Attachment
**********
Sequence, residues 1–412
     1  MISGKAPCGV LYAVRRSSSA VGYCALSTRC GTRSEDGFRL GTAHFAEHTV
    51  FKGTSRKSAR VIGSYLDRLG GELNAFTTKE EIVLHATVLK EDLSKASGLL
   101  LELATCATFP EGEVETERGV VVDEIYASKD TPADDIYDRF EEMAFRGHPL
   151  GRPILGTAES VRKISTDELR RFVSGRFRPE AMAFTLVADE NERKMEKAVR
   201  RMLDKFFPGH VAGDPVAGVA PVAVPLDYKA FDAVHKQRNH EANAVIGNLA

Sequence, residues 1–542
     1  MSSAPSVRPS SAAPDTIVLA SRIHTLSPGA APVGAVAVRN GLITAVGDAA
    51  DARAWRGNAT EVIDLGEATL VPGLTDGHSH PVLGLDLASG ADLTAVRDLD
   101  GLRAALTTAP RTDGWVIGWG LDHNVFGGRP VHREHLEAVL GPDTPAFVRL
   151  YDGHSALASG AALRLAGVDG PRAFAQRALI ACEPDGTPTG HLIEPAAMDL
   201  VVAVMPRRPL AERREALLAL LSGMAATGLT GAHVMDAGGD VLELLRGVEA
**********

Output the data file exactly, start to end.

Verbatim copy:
Sequence, residues 1–412
     1  MISGKAPCGV LYAVRRSSSA VGYCALSTRC GTRSEDGFRL GTAHFAEHTV
    51  FKGTSRKSAR VIGSYLDRLG GELNAFTTKE EIVLHATVLK EDLSKASGLL
   101  LELATCATFP EGEVETERGV VVDEIYASKD TPADDIYDRF EEMAFRGHPL
   151  GRPILGTAES VRKISTDELR RFVSGRFRPE AMAFTLVADE NERKMEKAVR
   201  RMLDKFFPGH VAGDPVAGVA PVAVPLDYKA FDAVHKQRNH EANAVIGNLA

Sequence, residues 1–542
     1  MSSAPSVRPS SAAPDTIVLA SRIHTLSPGA APVGAVAVRN GLITAVGDAA
    51  DARAWRGNAT EVIDLGEATL VPGLTDGHSH PVLGLDLASG ADLTAVRDLD
   101  GLRAALTTAP RTDGWVIGWG LDHNVFGGRP VHREHLEAVL GPDTPAFVRL
   151  YDGHSALASG AALRLAGVDG PRAFAQRALI ACEPDGTPTG HLIEPAAMDL
   201  VVAVMPRRPL AERREALLAL LSGMAATGLT GAHVMDAGGD VLELLRGVEA